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After being enraptured by its trailer and what looked to be some nightmarishly stunning visuals, it has taken me ten years to finally see Tarsem Singh’s The Cell. Every time I had the desire to rent it, the words of so many around me saying not to waste the effort always killed the idea. But I am the kind of person who can love a movie strictly from its aesthetics, whether the story is coherent or just barely interesting. Having the same feelings after watching the trailer for The Fall, I decided to take the chance and watch, soon seeing it become my favorite film of 2008. If Tarsem could weave together a lyrical and poetic journey through imagination such as that, how could I deny at least seeing his debut to give it a shot? So, with the Netflix DVD sitting on my desk for a about a month, I popped it in and took a trip into the mind of a killer. I’ll admit that it isn’t the greatest film ever made, but it is effective it what it set out to do. Enthralling, scary, psychological, and still retaining a sense of hope, The Cell definitely doesn’t get a fair shake.

Mark Protosevich’s script isn’t necessarily the most accessible work ever written. One does have to set aside some disbelief and allow the premise of entering a comatose mind in order to interact with the afflicted to be plausible. Whereas in The Fall, the characters themselves are creating the dream world onscreen, changing it as their motivations evolve, the construct here is one of being inside the subconscious, an environment made up of a person’s deepest and darkest core of self. No matter how good you would like to be, if there is darkness inside you, it will inherently be stronger—powerful enough to subdue any sense of humanity or compassion for the sake of its bloodlust. While this is a good description of serial killer Carl Stargher’s warped psyche, it doesn’t pertain to the innocent boy we are introduced to at the start, even though he has the same rare form of viral schizophrenia. This boy is too young to understand and/or choose the dark over light. Unfortunately, he has been trapped inside his head before being able to create the kind of world he’d love to inhabit, so the fear of the unknown, the anxiety of being held captive has brought in the boogeyman, building one more wall to prevent him from escaping.

I think the film does a great thing by showing us how the experimental piece of science fiction at the center of the story works on the innocent. We are shown how devoted Catherine Deane is to helping this boy return to his parents, risking everything with the belief that taking him to a conventional hospital will only ease his suffering until his soul is released. She knows that she must get the boy to enter her mind; taking a troubled child out of the abusive environment and into one that can show him safety is what has worked in her experience as a social worker, so why not try it in the realm of imagination? The danger is deemed too much, so until the opportunity presents itself for her to make the attempt, we will never know if reversing the mind connection process can effectively work. Who would have thought that bringing in a serial killer—comatose and the only one who knows where his latest victim is being held—would be the guinea pig she needs. If bringing a scared boy into her mind was risky, who knows what kind of consequences could arise by having a cold-blooded killer enter her sanctuary of support and love. Luckily for us, Tarsem has a few ideas up his sleeve to make it all a reality.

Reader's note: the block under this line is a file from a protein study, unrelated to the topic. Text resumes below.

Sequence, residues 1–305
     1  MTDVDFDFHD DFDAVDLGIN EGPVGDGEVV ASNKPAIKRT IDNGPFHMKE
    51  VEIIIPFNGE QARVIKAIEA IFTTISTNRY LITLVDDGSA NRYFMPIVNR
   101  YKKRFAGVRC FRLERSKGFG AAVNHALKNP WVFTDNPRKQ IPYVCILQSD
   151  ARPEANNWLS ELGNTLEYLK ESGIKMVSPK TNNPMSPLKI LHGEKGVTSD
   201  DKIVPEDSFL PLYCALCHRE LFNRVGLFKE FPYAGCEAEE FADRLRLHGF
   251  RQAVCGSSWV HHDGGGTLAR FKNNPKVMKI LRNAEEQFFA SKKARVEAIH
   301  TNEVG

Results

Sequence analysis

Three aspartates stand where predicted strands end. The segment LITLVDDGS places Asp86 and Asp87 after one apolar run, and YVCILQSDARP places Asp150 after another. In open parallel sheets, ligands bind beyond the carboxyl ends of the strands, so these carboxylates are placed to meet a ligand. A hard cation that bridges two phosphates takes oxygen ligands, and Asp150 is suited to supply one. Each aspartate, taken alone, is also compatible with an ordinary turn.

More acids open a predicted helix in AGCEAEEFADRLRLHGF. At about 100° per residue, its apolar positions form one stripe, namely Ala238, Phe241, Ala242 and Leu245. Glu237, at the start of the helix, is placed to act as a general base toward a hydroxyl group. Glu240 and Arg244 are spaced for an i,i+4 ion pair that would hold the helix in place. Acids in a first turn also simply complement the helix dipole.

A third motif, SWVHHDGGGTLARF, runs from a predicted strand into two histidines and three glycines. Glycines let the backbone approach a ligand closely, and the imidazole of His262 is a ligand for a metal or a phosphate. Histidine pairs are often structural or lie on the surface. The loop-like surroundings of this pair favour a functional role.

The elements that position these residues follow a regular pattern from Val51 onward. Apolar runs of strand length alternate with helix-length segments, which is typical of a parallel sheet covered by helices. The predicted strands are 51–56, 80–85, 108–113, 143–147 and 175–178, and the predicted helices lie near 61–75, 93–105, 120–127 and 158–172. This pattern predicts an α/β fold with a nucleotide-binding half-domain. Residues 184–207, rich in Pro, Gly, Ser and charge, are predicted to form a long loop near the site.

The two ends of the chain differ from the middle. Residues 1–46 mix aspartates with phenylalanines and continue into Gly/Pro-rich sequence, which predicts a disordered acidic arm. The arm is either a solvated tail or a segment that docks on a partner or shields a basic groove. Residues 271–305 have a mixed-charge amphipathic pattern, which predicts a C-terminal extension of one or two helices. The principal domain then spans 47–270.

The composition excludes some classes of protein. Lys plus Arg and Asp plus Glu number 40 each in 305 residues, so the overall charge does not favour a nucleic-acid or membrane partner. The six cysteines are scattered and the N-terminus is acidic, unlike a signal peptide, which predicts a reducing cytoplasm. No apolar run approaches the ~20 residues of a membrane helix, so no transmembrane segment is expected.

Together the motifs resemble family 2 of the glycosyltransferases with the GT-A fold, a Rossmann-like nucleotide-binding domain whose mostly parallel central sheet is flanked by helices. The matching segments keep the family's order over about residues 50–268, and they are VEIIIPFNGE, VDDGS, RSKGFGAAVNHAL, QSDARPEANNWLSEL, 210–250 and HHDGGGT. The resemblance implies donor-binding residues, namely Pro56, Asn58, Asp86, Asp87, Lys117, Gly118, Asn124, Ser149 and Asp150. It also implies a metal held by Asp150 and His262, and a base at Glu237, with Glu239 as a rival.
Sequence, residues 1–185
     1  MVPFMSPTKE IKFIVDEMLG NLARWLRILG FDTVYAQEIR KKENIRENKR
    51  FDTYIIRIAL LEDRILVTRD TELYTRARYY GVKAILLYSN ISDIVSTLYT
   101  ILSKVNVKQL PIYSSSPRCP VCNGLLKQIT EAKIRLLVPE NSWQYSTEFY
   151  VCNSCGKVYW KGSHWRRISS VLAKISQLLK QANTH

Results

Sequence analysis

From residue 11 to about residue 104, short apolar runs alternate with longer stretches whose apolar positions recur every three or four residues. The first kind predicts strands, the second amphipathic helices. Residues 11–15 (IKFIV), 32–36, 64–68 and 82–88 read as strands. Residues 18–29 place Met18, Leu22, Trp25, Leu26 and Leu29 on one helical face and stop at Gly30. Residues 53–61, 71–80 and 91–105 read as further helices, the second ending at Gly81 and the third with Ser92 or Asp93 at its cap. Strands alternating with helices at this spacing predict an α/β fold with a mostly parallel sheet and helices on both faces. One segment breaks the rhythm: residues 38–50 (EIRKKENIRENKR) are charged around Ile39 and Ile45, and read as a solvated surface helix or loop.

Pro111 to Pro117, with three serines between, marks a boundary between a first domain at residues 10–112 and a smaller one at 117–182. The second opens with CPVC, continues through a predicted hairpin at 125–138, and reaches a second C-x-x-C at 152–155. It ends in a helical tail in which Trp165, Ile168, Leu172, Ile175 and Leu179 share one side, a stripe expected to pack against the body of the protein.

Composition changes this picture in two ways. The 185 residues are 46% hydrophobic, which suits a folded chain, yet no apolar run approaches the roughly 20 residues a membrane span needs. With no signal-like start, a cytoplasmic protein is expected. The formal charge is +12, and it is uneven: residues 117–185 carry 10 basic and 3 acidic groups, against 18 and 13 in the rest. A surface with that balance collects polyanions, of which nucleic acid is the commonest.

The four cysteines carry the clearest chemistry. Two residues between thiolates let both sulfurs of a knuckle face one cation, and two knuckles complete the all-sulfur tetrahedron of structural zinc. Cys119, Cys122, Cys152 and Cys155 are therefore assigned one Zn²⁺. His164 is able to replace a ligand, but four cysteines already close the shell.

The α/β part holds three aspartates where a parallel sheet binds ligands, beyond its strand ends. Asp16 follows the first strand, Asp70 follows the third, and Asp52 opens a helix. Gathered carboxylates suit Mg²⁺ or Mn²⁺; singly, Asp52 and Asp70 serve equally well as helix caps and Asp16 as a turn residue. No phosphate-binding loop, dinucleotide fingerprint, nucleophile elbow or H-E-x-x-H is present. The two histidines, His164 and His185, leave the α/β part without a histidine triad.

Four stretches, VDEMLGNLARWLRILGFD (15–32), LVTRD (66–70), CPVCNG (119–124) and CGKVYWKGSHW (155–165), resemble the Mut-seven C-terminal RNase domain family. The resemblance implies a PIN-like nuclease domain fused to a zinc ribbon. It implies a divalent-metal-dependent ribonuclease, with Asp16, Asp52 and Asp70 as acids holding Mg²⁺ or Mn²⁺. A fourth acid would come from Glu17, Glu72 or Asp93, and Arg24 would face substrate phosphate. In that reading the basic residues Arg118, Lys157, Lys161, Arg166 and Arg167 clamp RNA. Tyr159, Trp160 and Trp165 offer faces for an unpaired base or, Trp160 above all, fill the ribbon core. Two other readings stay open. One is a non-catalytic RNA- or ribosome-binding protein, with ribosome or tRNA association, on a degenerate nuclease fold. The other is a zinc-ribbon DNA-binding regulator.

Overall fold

The script uses a made-up condition called Whalen’s Infraction to be the cause for both inert patients’ connection to each other. Stemming from a trauma dealing with water, (Is this as thin a cause as I think it is?), the breach is catastrophic. Young Edward Baines had an accident sailing that coincided with a seal incident and Stargher experienced a seizure when getting baptised. While Edward went under right then and there, the water just serves as another fear of his to refuse breaking free from his subconscious, never allowing Catherine to take him sailing in his mind. Carl, however, grew up through mental and physical abuse at the hand of his father after the incident, devolving into a monster without regard for human life, bringing water into his crimes by watching each of his victims drown. So, whether you see it as obvious, contrived, or relevant, of course the landscape of Stargher’s mind will contain glass-enclosed cages, water to rise up from or submerge into, and also blood, that liquid trapped within him. So, while the story, when dissected may be trivial, I do think it serves its purpose by allowing the visuals to take control and become the driving force, using the words as a springboard to fully encase the audience in the nightmare onscreen.